As with any superhero show, most of the attention before and after the premiere is heaped upon its titular character. For better or worse, that has been the case so far with Marvel’s Iron Fist, as the casting of the comic book martial artist and wielder of the ancient Iron Fist has drawn criticism for its decision to feature Game of Thrones actor Finn Jones as Danny Rand, a role thought by some to be better served by a non-white actor. Though concerns of representation still linger around the show, some of that has been assuaged by the assertions of Finn and others that the series will address matters of diversity.

Much of the notice may remain fixed on Jones for obvious reasons, but Iron Fist also boasts an expansive cast that not only promises to include Jessica Jones co-star Carrie-Anne Moss as razor-sharp attorney Jeri Hogarth, but also a bevy of new characters, like Colleen Wing (Jessica Henwick), and the Meachum clan, headed up by the villainous Harold Meachum (David Wenham) and his two children Joy and Ward, played by Jessica Stroup and Tom Pelphrey, respectively.

Details on their roles remain vague for the most part, but those familiar with the Iron Fist comic and the character’s origin will likely be aware of the role Harold plays in the death of Danny’s father, which, in classic comic book tradition, serves as a catalyst for Danny’s journey into becoming a hero. As such, much of Harold’s role is assumed to follow somewhat closely to his character’s arc from the source material, albeit with plenty of little flourishes brought in to help flesh the character out across however many episodes he appears in. As for his two children, however, and the family itself, well, according to the actors, there’s more going on than what readers may be familiar with from the comics.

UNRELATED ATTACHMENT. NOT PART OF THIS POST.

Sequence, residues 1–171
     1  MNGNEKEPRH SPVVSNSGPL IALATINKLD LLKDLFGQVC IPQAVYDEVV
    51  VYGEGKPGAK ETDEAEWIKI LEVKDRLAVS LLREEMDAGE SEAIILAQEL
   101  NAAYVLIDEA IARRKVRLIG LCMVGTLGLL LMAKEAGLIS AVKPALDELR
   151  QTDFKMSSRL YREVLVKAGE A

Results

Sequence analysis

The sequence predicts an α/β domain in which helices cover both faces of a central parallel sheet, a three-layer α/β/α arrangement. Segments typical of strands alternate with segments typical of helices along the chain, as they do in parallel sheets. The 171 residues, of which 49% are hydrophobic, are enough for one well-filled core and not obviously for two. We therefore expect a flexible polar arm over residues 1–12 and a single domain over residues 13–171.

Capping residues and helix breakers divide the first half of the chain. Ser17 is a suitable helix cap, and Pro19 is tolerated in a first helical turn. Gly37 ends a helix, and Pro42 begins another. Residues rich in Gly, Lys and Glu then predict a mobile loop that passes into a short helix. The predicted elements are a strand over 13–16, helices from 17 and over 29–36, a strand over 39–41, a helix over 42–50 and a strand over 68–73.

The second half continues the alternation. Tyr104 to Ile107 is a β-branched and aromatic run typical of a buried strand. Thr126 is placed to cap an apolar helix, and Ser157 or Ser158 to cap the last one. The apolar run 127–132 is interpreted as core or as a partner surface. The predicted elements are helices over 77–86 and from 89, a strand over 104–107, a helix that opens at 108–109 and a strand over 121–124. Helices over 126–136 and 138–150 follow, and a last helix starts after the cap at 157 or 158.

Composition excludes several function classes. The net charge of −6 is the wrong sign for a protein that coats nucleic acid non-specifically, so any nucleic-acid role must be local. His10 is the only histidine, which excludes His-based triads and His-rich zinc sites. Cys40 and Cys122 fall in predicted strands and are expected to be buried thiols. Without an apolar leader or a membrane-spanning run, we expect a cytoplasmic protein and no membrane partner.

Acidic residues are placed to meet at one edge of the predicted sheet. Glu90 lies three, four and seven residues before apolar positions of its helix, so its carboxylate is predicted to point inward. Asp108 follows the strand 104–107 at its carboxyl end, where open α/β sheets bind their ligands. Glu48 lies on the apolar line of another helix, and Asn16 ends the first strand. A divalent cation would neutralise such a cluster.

While discussing the show and their roles (via CBR), Wenham, Pelphrey, and Stroup remained coy concerning specific details relating to their interaction with Danny Rand. Even still, given the obvious connection, Wenham seemed happy to confirm that in this iteration of the Iron Fist origin, Harold does indeed have a relationship wit Danny’s father. Wenham said:

“I play Harold Meachum. I play Ward’s father, Harold. [He] was a business partner with Danny Rand’s father. They have a corporation called Rand. He’s a very wealthy, powerful individual, so that was fun to play, ’cause I’m not.”
Wenham went on to describe the familial relationship between the three Meachums and from the way the actor describes it, this does not sound like one happy family unit.

“In terms of the family dynamic, I think it’s fine to say that the relationship between the three of them — Harold, Ward and Joy — is complex, to say the least. It’s multilayered, it’s multidimensional, it’s surprising and it’s forever changing, depending on the circumstances. It’s forever evolving. And, you know, it’s a strange relationship.”

Most recently seen on the last two seasons of Cinemax’s super-pulpy crime drama Banshee, Pelphrey will transition from a reformed neo-Nazi working for the Sheriff’s department to someone who is far different. But according to the actor, don’t expect to see exactly the same Ward as has been seen in the comics.

“Ward is a character in the comic books, but I can’t say too much. I would say that we’re not necessarily beholden to representing him exactly as he appears in the comic book.”
Meanwhile, Stroup (The Following) didn’t offer much more in terms of specific character details, but she mention she had done a bit of research for the role by reading the comics.

“I’ve now caught up reading comic books. [I have] constant questions, constantly trying to follow with the showrunners, the writers, see what they’re going to do with the characters, but my character is a fun and complex one, so I enjoyed it.”
Ultimately, Wenham did his best to try and sum up the series by pointing out ways in which it will be different from what’s come before. And, like a lot of Marvel’s offerings of late, from Doctor Strange to season 4 of Agents of S.H.I.E.L.D., the mystical side of the MCU is going to be made front and center. Wenham said:

“‘Iron Fist’ has an opportunity to differentiate itself from the other three [Marvel Netflix shows]. Just to show a different facet from the other three stories… The combination of the martial arts and the mystical element in this one, I think, sort of sets it apart from the others as well. So each one of them is slightly different and I think that’s what will probably interest fans, these things that differentiate it from the others.”
Marvel’s Iron Fist season 1 is expected on March 17, 2017 on Netflix.